Product Strategy: Keep it Simple, Be Great

Two of my favorite hobbies are eating and running, with the latter a pursuit that allows me to practice the former! So, I had an interest in checking out a new reality show on NBC, America’s Next Great Restaurant. The show will feature 10 aspiring restaurateurs who will compete to be selected for funding to open locations in New York, Minneapolis, and Los Angeles. The series debut narrowed an initial field of 21 hopefuls to the 10 contestants that will compete to secure investment capital. The judges/investors include celebrity chefs Bobby Flay and Curtis Stone, Chipotle founder Steve Ells, and Miami restaurateur Lorena Garcia.

A major marketing lesson, coming under the category of “What Not to Do” was delivered by the first person to present to the judges. Her idea was for a restaurant she called What’s Good, with a focus on organic and healthy dishes. The concept was interesting, but her description of the product offering doomed any chance of being considered for investment. A sample menu showed page after page of different items- it screamed of a nightmare to manage! Judges gave the contestant feedback about their concerns about the menu complexity, then gave her the bad news that they would not be investing in What’s Good.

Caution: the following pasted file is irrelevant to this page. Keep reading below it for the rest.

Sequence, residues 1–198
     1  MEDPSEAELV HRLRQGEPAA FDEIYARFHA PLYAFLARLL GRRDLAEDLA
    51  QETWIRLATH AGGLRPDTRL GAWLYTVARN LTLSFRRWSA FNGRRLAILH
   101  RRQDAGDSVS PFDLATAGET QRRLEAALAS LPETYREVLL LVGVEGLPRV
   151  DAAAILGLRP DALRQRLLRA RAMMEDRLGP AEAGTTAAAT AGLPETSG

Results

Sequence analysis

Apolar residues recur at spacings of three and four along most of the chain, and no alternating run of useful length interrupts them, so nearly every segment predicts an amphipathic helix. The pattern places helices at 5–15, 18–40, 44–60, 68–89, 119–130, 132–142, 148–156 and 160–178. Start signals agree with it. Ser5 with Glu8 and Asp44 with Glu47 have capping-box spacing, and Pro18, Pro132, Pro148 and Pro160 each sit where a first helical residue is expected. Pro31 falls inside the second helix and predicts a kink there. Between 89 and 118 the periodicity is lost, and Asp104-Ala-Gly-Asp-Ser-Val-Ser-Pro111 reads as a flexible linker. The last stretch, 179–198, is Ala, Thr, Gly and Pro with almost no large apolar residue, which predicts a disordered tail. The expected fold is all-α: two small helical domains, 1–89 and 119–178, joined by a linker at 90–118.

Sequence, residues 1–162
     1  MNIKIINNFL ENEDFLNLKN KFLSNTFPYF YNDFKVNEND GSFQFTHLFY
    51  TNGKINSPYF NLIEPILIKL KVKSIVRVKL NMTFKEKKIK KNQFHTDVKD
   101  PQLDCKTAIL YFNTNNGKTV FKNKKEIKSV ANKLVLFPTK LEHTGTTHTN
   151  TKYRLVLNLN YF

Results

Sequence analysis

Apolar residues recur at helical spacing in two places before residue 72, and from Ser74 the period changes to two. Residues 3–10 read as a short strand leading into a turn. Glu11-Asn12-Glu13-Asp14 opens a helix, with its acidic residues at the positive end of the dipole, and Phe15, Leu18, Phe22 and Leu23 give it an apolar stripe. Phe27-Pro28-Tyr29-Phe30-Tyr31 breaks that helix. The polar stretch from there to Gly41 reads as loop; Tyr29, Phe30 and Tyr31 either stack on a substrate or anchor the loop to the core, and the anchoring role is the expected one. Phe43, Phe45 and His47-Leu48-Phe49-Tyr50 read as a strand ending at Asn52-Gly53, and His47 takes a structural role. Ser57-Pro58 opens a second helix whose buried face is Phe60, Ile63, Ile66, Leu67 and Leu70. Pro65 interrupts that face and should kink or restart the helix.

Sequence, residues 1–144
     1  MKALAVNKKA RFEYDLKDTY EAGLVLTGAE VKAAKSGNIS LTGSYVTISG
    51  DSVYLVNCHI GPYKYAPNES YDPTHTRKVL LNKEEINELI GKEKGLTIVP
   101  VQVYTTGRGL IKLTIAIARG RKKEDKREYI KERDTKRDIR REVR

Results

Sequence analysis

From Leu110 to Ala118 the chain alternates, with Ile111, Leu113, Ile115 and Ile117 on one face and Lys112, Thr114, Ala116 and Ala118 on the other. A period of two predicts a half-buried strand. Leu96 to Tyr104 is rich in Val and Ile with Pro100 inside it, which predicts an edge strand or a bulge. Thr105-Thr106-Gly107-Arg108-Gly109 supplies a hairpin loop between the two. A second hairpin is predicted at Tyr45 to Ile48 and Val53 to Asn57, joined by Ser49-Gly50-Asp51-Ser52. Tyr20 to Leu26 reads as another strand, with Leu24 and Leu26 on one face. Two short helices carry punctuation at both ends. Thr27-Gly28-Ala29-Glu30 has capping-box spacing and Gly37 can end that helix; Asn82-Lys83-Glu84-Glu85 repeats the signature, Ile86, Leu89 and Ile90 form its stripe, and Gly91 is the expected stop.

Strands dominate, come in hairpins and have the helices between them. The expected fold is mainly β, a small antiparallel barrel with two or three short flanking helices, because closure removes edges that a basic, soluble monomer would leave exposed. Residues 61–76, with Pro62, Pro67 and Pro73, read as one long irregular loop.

Many of the great brands today succeed because of their simplicity in their product offerings. It is not unusual for a business to have an extensive product portfolio, but usually it evolves over a long period of time. Start on a small scale, gain acceptance and traction in the market, and expand what you can do for customers as they buy into your value proposition. Perhaps one reason Chipotle’s Steve Ells was critical of the elaborate menu ideas for What’s Good is that his restaurant thrives with a menu that features essentially two types of products: burritos and tacos. Are there other dishes and items Chipotle could offer within the category of Mexican food? Sure, but it has chosen to focus on being great at serving burritos and tacos.

The lesson is not new, but it is as relevant as ever- follow the edict of Jim Collins and be great at one thing, better than any competitor could ever hope to be.

Labels: ,